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Vault: 'Indiana Jones And The Temple Of Doom' (1984) Dir. Steven Spielberg

Updated: Aug 31, 2020

Harrison Ford, Kate Capshaw, Amrish Puri, Roshan Seth, Jonathan Ke Quan, Philip Stone, D. R. Nanayakkara, Roy Chiao and David Yip

Acting as a prequel to 'Raiders Of The Lost Ark', this takes brave new turns for the family-friendly Indiana Jones adventure to be a much darker tale...


After narrowly escaping from a Chinese crime boss, Indiana Jones (Ford) flees with his aid Short Round (Quan) and American nightclub singer Willie Scott (Capshaw). When their flight is sabotaged, they crash in the Himalayas and arrive at a desolate, run-down village in India.


Indy is seen to have been brought by Hindu god Shiva to retrieve 5 sacred Sivalinga stones, stolen by the evil Thuggees cult, along with the village children as slaves. Travelling to Pankot Palace, the source of the suspected cult, Indy conducts a secret investigation.


They soon discovers the Thuggee cult are in great numbers, overseen by the high priest Mola Ram (Puri). Indy must battle the cult and its dark magic to recover the stones, save the children and stop Mola Ram from unleashing the power of Sankara across the world…

The biggest risk in the whole franchise (‘Kingdom Of The Crystal Skull’ coming close second) was to take away a number of winning elements from ‘Raiders Of The Lost Ark’ to offer something totally new to audiences, whilst retaining the core of what the Indiana Jones character is about; adventure. Here we are treated to a far darker, scarier yet somehow comical adventure acting as a prequel, long before ‘The Phantom Menace’ gave prequels a bad name.


With the first hour of the film, starting with a fun and frantic action number in the Shanghai club Obi-Wan that sets the tone, it’s easy to see where they are going with this; Indiana Jones is still played perfectly by Harrison Ford with more humour and humanity injected into the role this time. We have the comical side-kick played by Jonathan Ke Quan who doesn’t prove to be as irritating as you’d expect, and we Kate Capshaw’s busty, screaming, spoilt damsel in distress Willie Scott who is a far cry from the tough and resourceful Marion Ravenwood.

The story establishes a new era, away from the threat of Nazi-Germany in Europe, and the second half becomes something a lot more daring for fans to witness.

It’s clear George Lucas wanted to be original and follow the darker second act much like ‘The Empire Strikes Back’ was to ‘A New Hope’, but here rather than expand on established themes and characters, we lose lots of what we would like to see more of and given things we probably didn’t – comical fight sequences where children beat up adults, lots of screeching and bickering between Willie and Indy (which does have funny moments to be fair), and a plot that divides audiences as either being too far-fetched or just to sinister for family-friendly Indy to be involved in.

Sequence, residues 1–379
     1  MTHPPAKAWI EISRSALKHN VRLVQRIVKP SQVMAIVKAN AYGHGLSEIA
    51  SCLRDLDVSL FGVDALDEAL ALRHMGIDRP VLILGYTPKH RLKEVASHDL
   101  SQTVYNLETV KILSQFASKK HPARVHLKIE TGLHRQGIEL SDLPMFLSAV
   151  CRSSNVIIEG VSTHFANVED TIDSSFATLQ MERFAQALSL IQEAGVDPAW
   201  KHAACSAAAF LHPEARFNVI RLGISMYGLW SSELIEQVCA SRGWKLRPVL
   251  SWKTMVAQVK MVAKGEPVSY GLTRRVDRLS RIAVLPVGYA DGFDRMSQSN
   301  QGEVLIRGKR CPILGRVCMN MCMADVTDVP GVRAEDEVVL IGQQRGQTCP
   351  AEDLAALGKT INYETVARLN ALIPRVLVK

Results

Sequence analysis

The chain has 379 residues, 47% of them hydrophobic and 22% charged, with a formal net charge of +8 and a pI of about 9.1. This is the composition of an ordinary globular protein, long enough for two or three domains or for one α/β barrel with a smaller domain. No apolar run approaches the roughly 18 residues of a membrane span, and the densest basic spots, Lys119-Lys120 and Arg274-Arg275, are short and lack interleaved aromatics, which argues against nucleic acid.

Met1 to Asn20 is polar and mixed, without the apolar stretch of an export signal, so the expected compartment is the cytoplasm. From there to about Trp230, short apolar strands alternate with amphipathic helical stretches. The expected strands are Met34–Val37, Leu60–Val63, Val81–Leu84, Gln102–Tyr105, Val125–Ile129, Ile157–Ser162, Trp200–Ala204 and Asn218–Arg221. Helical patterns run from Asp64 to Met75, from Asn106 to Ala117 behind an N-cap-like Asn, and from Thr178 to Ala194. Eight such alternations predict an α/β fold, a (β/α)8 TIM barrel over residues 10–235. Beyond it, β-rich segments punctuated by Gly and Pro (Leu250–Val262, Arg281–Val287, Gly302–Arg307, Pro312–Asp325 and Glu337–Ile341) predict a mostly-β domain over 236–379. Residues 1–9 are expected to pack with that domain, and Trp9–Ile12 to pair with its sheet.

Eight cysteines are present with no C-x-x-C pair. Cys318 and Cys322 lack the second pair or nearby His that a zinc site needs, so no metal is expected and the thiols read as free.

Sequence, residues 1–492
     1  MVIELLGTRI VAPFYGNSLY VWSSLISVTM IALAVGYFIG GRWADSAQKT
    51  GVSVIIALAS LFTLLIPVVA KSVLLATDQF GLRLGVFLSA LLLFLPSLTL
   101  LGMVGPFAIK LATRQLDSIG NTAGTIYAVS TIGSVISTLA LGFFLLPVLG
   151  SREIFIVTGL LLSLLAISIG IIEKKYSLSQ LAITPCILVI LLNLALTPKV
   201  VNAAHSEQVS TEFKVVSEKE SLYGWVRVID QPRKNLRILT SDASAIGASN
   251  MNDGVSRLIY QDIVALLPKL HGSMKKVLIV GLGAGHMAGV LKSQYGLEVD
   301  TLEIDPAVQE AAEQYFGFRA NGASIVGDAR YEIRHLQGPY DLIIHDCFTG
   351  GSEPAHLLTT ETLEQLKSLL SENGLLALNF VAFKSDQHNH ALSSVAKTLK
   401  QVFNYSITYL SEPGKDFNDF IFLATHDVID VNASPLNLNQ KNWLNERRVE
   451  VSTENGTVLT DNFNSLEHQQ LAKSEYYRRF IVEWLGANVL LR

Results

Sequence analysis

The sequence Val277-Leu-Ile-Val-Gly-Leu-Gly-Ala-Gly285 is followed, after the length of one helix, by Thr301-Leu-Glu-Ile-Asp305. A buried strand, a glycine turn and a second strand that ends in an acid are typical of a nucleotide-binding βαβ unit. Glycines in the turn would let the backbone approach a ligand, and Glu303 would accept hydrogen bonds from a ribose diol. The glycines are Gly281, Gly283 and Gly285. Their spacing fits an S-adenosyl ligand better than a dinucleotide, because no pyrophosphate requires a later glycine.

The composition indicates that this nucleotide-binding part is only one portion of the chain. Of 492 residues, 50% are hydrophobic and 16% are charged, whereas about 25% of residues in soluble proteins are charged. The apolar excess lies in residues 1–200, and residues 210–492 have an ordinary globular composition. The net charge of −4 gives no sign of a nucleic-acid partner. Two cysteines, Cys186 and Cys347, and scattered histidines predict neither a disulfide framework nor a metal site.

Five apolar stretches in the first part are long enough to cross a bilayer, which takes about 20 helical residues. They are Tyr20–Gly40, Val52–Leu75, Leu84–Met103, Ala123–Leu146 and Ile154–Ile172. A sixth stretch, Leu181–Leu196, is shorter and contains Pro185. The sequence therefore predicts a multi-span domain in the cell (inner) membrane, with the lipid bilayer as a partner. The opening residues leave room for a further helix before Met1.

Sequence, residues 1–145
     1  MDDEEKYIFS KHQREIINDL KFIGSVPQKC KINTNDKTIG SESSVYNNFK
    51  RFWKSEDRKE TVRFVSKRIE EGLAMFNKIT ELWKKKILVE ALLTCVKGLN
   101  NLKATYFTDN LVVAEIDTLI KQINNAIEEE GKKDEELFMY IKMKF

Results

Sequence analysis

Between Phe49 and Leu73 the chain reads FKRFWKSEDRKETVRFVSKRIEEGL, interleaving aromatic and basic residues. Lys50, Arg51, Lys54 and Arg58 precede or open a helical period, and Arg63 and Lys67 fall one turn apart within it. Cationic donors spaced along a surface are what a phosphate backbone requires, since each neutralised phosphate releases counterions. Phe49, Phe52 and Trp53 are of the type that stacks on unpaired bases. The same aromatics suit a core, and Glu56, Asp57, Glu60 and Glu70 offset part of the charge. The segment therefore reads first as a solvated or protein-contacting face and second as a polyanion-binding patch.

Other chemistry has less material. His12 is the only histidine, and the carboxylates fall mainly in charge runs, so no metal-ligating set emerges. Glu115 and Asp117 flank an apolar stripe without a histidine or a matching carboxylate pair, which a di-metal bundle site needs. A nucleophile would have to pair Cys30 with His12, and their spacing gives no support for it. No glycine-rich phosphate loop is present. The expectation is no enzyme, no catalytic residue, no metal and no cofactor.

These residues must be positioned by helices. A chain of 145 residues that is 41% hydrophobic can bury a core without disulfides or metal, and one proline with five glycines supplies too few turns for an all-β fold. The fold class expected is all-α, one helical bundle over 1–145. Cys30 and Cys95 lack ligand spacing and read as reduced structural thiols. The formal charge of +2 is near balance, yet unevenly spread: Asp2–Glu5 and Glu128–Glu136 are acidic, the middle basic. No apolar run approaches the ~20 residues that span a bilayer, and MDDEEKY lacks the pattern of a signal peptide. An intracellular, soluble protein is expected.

There is violence, there are gruesome moments as the themes of human-sacrifice and voodoo are explored. During the second hour there tone is more dangerous, fiery reds, oranges and browns full the screen as if we are in hell and it’s not very fun for the most-part until we get to hear the iconic John Williams score once Indy is back in action for the action-packed finale.

While the Thuggee cult aren’t as easy to invest in or enjoy as villains like the Nazis are, they are at least fronted by the brilliant and memorable Amrish Puri who is just more scary, sinister and threatening than any Third Reich officer Indy goes up against.


It’s easy to pick apart the plot and the change in tone, but what can’t be picked apart is the fun that is present for a good 2/3rds of the film. The stunt work is practical, dangerous and exciting, the sets are haunting and well designed with plenty of booby traps, secret passages and large temples that evoke the adventure and B-movie feel of the character. With more visual effects to create sequences that are bigger and bolder than ‘ROLTA’, it’s a little far-fetched at times away from the grounded reality of the predecessor, but it gives us lots of iconic moments such as the mine-cart chase (perfect blend of miniature, green-screen and practical effects), and the rope-bridge with no CGI in sight. 

It’s those moments where the music blares and our rugged hero battles away evil with a whip and his fists that remind us this is still Indiana Jones – packed full of moments to make you cheer and wince and sometimes roll your eyes. In all it’s a brave movie that works for the most part and is greatly under-appreciated for being so bold and away from "formula".

The heart is there and the want to entertain is there and it’s generally hard to dislike as much as you may want to because in the world of Indiana Jones; anything goes!




'Indiana Jones And The Temple Of Doom' is a LucasFilm Ltd. production


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